When the filter is high, anxiety and stress may make the student reluctant to participate. When the filter is low, the student feels safe and is more comfortable taking learning risks.
How can teachers lower the affective filter so that newcomers can successfully learn? Benita Afonso, an ENL teacher from Sleepy Hollow, New York, offers this advice: “We always have to make the student feel empowered that they are intelligent and ignite their prior knowledge, regardless of the language barrier and the new country that they are in.”
Other ways to support newcomers include:
- Bulletin boards that display the languages represented by the school’s population
- International nights for families to share cultural traditions
- Culturally-responsive family engagement strategies
- Growth mindset strategies
How to Teach Writing to ELL Newcomers
As early as kindergarten, students are asked to write nearly every day. As time goes on, writing tasks become increasingly complex—which is challenging for ELL newcomers who can arrive at any time during the school year. Below are strategies for teaching writing to newcomer students.
Target lessons for their needs
When planning your lessons, take a few moments to consider how you can support your ELL newcomers’ learning goals.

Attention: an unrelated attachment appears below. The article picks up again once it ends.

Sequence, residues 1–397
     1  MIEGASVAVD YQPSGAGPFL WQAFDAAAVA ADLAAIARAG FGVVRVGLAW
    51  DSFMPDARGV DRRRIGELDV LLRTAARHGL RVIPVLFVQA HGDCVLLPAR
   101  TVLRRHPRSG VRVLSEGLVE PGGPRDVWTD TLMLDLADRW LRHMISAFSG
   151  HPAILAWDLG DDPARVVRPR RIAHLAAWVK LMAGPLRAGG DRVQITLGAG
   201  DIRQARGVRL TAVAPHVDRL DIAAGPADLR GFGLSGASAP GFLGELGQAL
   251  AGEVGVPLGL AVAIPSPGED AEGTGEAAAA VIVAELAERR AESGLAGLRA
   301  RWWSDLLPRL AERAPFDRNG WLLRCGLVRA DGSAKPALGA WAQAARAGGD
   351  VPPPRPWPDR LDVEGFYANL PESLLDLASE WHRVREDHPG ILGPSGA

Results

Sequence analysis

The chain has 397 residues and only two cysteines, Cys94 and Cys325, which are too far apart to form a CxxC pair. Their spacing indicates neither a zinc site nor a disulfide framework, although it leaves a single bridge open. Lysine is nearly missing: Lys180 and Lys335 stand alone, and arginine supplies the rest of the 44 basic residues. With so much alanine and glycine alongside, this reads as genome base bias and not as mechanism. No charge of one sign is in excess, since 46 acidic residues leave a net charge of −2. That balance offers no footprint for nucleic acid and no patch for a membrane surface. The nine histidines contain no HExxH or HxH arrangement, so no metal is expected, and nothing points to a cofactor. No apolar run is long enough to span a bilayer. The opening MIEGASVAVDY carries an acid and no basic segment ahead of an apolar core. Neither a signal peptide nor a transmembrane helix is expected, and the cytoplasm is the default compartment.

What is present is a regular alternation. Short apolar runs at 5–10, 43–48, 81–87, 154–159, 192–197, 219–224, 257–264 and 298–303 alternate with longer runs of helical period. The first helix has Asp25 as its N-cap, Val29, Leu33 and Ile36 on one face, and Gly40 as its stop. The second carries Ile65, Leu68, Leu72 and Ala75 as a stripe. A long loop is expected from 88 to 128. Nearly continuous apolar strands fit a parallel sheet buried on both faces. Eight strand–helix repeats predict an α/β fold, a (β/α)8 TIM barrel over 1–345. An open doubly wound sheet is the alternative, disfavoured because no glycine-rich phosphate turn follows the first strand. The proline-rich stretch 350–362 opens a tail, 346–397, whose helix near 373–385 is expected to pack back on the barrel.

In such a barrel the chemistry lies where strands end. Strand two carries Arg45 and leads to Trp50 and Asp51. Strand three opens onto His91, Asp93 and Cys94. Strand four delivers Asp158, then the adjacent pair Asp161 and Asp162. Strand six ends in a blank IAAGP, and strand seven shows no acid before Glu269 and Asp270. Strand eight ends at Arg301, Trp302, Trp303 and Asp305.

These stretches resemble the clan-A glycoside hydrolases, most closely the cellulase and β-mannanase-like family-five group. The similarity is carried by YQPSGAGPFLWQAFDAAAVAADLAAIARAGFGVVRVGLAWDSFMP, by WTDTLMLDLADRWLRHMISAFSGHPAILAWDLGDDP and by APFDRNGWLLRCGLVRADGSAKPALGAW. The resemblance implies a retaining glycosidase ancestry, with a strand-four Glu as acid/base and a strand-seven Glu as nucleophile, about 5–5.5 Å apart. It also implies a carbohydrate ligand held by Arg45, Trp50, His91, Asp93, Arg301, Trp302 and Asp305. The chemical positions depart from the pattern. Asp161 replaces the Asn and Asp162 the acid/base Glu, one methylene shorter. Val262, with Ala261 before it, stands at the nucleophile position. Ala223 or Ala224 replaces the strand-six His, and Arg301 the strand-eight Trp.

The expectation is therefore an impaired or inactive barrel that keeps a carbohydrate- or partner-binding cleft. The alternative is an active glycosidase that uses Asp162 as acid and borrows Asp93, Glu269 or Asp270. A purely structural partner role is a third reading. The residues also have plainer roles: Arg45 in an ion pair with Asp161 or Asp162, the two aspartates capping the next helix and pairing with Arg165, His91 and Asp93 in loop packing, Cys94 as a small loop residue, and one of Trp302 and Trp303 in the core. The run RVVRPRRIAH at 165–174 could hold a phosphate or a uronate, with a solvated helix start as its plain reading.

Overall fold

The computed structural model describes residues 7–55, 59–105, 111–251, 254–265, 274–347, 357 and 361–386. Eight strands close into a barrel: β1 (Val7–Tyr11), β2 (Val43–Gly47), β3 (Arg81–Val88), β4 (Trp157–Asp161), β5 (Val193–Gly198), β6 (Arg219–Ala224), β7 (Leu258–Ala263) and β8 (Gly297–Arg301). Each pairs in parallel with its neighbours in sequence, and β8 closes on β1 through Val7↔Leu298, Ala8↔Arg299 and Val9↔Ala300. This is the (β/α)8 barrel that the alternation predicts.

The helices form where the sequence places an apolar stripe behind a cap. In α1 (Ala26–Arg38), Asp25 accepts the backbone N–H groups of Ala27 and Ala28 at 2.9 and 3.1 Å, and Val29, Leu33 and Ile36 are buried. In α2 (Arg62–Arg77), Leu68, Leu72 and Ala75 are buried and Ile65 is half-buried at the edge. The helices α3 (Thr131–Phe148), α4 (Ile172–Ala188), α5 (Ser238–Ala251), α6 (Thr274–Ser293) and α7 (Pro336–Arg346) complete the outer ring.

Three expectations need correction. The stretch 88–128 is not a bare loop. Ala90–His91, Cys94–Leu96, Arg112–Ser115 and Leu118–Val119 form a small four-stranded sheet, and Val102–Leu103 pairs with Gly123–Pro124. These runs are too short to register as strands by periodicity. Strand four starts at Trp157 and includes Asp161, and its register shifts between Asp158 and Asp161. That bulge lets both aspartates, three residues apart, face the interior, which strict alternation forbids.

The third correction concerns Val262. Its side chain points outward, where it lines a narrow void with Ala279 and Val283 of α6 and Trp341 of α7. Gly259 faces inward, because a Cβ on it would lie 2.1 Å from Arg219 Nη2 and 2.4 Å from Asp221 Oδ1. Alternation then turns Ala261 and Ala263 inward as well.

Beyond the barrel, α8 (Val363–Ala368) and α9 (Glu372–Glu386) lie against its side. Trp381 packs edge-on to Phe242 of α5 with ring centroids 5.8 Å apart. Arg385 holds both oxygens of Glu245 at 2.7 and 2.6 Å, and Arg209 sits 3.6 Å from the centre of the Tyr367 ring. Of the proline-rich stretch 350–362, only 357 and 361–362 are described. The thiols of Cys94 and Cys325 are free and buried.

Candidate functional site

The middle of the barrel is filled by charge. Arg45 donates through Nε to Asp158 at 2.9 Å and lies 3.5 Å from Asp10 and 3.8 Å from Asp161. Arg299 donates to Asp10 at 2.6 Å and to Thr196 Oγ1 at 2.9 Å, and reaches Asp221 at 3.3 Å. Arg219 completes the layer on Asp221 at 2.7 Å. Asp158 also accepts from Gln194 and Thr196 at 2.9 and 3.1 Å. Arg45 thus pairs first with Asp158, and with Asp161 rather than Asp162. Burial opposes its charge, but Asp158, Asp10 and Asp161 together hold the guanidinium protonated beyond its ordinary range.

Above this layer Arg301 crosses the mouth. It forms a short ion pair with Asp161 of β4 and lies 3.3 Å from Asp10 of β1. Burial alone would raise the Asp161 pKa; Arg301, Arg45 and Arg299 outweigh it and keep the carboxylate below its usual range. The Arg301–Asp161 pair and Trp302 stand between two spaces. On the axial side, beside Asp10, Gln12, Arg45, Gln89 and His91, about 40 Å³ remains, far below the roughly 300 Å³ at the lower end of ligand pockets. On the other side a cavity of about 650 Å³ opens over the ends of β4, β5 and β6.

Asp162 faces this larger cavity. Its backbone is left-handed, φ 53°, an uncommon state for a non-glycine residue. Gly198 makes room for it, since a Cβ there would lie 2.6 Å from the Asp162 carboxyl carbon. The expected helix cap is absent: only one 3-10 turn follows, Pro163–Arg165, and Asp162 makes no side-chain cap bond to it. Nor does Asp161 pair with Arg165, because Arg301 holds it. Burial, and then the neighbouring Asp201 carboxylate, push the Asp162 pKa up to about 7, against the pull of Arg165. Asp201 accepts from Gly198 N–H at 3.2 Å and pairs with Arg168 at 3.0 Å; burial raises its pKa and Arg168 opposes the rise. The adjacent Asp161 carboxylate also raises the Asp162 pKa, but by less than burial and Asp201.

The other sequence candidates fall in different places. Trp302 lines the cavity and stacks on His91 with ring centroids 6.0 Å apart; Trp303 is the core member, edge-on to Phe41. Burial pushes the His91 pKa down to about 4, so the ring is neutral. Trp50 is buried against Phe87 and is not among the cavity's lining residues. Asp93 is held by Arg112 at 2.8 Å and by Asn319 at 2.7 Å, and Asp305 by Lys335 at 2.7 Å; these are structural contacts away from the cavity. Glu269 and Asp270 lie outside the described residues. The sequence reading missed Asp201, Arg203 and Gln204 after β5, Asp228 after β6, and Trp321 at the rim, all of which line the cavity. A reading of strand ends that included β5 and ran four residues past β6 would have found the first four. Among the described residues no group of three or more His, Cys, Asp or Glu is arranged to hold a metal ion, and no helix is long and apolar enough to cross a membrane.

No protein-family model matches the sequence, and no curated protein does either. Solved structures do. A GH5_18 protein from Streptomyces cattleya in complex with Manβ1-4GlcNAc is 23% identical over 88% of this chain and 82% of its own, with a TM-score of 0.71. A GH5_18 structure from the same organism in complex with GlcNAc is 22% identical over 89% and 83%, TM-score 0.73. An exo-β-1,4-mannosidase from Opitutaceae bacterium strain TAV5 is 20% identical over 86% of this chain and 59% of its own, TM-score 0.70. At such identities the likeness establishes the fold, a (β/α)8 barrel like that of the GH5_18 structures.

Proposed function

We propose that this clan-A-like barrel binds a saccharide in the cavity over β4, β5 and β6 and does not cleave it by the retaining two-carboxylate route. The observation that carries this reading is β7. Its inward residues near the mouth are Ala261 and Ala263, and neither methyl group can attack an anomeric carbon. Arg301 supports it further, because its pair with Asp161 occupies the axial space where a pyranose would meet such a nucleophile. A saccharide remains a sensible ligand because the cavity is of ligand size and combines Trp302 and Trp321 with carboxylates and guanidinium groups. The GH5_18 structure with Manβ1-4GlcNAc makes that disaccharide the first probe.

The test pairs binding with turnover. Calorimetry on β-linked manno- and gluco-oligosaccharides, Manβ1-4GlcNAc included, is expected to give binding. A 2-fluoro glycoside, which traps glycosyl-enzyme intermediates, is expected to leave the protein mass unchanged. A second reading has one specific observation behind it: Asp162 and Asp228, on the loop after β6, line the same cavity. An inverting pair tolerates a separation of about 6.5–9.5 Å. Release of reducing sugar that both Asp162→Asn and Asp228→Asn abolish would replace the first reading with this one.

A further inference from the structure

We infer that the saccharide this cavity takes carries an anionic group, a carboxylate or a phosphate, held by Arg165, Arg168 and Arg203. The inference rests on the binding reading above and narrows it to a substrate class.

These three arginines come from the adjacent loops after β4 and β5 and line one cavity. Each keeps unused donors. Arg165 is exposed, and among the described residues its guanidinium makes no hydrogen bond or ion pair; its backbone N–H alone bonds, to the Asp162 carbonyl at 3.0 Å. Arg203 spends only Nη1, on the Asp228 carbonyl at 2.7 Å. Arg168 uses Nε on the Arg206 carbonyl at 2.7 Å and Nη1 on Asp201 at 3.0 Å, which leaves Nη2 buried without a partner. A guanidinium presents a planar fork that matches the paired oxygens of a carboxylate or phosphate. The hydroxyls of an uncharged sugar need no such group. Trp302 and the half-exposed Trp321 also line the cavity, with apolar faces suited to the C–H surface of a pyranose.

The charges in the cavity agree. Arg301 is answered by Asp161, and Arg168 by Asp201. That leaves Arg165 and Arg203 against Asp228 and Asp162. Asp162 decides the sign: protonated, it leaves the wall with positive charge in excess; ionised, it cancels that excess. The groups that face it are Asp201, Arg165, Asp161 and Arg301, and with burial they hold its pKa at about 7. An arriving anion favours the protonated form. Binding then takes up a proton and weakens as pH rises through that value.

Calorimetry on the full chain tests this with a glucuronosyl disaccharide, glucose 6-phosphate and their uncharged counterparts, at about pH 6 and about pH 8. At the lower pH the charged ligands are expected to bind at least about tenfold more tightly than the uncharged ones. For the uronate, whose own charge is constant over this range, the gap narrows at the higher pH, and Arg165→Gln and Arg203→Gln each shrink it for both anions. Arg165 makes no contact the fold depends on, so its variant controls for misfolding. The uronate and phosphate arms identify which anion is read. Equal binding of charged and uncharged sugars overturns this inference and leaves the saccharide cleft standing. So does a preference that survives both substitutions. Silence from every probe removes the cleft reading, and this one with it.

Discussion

- Look at the standards. When planning your writing lessons for newcomers, ELL expert Diane August recommends basing your instruction for newcomers on a lower grade level’s standards. This approach allows students to receive instruction that is complex and demanding—and builds on their skills as they work toward grade level.
- Focus on academic vocabulary. Building vocabulary is key to the success of newcomers. Teachers need to intentionally focus on developing both academic and basic interpersonal vocabulary skills. Here are a few ideas for teaching vocabulary in your lessons:
- Pre-teach vocabulary for your lessons
- Use flashcards with your students
- Include picture dictionaries in your classroom
- Have students create interactive dictionaries
- Show the patterns in language. Newcomers will benefit from learning the patterns of the English language. For example, many English words are formed from root words, base words, and affixes. Understanding prefixes, suffixes, and root words will help ELLs understand the meanings of new words more quickly.